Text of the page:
Israel's Version Of 'Ethnic Cleansing'
By Arjan El Fassed
Washington Post, Saturday, August 18, 2001; Page A21
JERUSALEM -- This week on The Post's op-ed page, Michael Kelly [Aug. 15] Charles Krauthammer [Aug. 16] and George F. Will [Aug. 17] advocated what amounts to "ethnic cleansing" in the Mideast.
Using such words as "strike and expel" and "destroy, kill, capture and expel," they seemed to be advocating a sort of "final solution" to the Palestinian problem. This kind of thinking embarrasses every Jew who believes in a just peace and universal values and norms.
But columnists such as these simply make explicit what has long been clear to us in this region. They put into plain words Israel's cruel and discriminatory policy, practiced against Palestinians for the past 50 years.
Discrimination against non-Jews is grounded in Israeli laws, regulations and practices, which have created a system similar to apartheid in South Africa -- but different from apartheid in that its goal is not to rule over but to remove or expel the indigenous Palestinian population.
Will's column is particularly offensive. He urges Israel not just "to kill or capture those terrorists" and "destroy the Palestinian Authority's military [sic] infrastructure" but also "to destroy other physical infrastructure."
Perhaps Will should be provided with a copy of the Fourth Geneva Convention, which clearly states that such acts are prohibited. Some of them even amount to war crimes.
Israel's assassination policy constitutes willful killing, a grave breach of the Fourth Geneva Convention, which stipulates in Article 32: "The High Contracting Parties specifically agree that each of them is prohibited from taking any measure of such a character as to cause the physical suffering or extermination of protected persons in their hands.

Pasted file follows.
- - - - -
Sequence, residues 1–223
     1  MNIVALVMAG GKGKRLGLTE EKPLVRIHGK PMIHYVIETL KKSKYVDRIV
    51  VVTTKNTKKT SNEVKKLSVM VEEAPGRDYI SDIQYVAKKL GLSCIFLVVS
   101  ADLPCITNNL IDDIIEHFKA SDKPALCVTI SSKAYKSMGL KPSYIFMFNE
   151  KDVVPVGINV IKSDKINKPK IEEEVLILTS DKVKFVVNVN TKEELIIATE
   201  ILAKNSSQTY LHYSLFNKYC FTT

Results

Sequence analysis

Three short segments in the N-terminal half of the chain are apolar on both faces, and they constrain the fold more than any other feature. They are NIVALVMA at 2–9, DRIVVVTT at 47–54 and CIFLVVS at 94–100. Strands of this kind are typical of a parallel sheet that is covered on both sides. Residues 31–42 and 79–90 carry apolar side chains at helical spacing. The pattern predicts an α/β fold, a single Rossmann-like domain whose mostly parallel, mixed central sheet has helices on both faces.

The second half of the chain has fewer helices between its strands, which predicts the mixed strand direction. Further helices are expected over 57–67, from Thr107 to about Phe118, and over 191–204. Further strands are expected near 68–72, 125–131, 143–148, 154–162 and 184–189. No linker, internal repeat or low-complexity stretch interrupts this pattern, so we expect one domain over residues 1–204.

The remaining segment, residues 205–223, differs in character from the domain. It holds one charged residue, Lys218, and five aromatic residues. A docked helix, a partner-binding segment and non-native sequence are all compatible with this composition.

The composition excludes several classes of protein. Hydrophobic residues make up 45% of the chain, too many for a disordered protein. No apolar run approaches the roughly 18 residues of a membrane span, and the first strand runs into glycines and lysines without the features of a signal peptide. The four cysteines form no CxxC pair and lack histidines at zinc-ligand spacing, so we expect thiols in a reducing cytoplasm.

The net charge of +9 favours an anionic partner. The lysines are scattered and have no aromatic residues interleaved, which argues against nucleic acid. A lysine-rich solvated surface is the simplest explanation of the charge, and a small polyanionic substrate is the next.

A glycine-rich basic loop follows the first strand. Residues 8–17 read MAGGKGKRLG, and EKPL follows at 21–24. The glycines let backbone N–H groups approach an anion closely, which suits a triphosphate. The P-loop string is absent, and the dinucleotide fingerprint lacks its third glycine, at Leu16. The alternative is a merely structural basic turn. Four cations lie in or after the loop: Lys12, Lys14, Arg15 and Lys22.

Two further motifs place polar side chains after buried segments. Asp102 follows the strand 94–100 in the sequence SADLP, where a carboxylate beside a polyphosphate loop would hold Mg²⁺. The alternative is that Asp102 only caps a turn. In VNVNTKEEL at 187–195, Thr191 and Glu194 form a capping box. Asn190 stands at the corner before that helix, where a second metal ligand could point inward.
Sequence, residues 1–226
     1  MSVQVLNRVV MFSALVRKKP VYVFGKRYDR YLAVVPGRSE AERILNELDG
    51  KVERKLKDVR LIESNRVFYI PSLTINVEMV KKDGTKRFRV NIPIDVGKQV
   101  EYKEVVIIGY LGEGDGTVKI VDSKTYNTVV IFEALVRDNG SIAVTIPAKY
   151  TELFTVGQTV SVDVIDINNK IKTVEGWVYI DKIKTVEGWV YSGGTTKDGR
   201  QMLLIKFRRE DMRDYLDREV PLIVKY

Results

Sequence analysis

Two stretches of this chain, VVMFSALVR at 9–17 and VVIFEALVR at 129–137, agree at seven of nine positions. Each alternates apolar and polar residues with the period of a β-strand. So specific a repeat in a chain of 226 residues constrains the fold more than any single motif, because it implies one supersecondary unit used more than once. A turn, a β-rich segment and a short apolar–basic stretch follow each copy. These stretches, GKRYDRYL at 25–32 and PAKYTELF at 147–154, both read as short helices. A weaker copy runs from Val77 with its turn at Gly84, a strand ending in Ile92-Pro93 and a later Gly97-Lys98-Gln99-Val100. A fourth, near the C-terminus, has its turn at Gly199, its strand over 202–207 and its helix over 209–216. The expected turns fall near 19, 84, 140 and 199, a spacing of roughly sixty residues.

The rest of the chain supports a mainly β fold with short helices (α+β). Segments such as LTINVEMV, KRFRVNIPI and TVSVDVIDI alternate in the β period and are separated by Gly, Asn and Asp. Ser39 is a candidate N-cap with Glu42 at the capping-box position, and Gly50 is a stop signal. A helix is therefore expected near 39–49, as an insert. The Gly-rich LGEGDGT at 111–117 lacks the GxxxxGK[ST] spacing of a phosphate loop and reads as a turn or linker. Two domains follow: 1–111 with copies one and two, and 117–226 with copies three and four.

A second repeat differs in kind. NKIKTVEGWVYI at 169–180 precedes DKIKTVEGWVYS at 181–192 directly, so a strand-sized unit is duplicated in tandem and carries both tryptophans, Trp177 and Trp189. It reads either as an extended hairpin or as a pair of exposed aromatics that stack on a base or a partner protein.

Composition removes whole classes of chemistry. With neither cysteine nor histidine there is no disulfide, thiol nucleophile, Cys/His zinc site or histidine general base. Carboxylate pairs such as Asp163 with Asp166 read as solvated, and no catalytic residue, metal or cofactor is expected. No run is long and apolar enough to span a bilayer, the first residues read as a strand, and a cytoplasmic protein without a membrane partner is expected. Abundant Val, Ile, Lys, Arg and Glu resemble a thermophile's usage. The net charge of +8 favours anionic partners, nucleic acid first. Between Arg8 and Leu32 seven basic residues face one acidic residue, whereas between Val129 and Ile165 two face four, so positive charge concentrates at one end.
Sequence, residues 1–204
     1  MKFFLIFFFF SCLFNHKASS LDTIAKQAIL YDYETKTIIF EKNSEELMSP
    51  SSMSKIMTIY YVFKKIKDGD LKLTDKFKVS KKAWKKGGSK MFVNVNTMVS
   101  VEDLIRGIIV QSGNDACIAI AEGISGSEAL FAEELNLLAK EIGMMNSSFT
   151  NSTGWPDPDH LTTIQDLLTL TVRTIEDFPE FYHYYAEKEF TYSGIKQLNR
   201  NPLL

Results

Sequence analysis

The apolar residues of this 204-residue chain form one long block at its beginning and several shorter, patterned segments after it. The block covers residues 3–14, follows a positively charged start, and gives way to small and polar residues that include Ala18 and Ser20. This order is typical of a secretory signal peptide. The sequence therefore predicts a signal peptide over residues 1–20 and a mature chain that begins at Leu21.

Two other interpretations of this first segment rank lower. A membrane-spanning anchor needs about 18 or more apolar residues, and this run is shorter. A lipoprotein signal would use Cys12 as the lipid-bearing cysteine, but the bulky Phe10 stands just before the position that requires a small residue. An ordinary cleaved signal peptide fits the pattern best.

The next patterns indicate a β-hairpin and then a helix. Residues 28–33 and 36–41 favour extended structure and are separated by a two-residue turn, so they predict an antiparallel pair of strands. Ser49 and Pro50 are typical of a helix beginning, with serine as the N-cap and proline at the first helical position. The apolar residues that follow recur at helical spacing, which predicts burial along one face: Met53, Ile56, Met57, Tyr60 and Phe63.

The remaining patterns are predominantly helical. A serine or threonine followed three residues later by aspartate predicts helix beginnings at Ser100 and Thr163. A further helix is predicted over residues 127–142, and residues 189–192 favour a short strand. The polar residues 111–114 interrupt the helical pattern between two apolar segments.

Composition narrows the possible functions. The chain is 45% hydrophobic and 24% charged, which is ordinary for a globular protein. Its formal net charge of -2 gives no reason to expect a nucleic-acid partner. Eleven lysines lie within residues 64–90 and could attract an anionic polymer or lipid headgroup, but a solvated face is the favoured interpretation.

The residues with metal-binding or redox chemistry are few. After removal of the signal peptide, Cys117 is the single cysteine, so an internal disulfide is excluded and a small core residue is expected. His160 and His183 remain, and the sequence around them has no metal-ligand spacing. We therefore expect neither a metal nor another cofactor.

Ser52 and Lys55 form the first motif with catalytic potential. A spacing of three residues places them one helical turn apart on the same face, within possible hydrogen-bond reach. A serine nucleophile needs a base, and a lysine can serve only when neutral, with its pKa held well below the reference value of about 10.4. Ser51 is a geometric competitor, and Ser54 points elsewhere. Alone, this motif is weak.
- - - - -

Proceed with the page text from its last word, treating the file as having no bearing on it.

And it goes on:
"This prohibition applies not only to murder, torture, corporal punishment, mutilation and medical or scientific experiments not necessitated by the medical treatment of a protected person but also to any other measures of brutality whether applied by civilian or by military agents."
Moreover, the U.N. Principles on the Effective Prevention and Investigation of Extra-Legal, Arbitrary and Summary Executions emphasize that extrajudicial executions are never allowed, not even in time of war.
Will suggests that "all of Jerusalem" should be within Israel's borders. In fact, East Jerusalem is occupied territory. According to international law, East Jerusalem is part of the Occupied Territories, from which Israel should withdraw. From 1947 through 1996 the U.N. Security Council issued 21 resolutions regarding Jerusalem. The General Assembly has also issued similar resolutions.
These resolutions were issued either because of Israeli policies and measures regarding Jerusalem in particular or Jerusalem in the context of the occupied territories. They emphasize the illegitimacy of Israel's annexation of Jerusalem, based on the illegitimacy of its acquisition of territory by war.
Additionally, these resolutions regard the city as an integral part of the occupied territories and emphasize the applicability of international humanitarian law, especially the Fourth Geneva Convention. There has been a unique degree of international consensus on these resolutions.
That Israel has acquired territorial sovereignty in those areas is not sustainable in international law. Conquest, aggressive or defensive does not confer title. Many of the world's nations have expressly and repeatedly declined to recognize Israel's title to Jerusalem.
International humanitarian law prohibits confiscation of private property and allows the occupying power to take land but with compensation and only to meet its military needs (The Hague Regulations, 1907).
Underlying all such limitations is the idea that the occupying power is not the sovereign in the territory. Consequently, the occupying power may not commit any act that constitutes unilateral annexation of all or part of the occupied territory.
The writer is the international public advocacy officer the Palestinian Society for the Protection of Human Rights.
© 2001 The Washington Post Company
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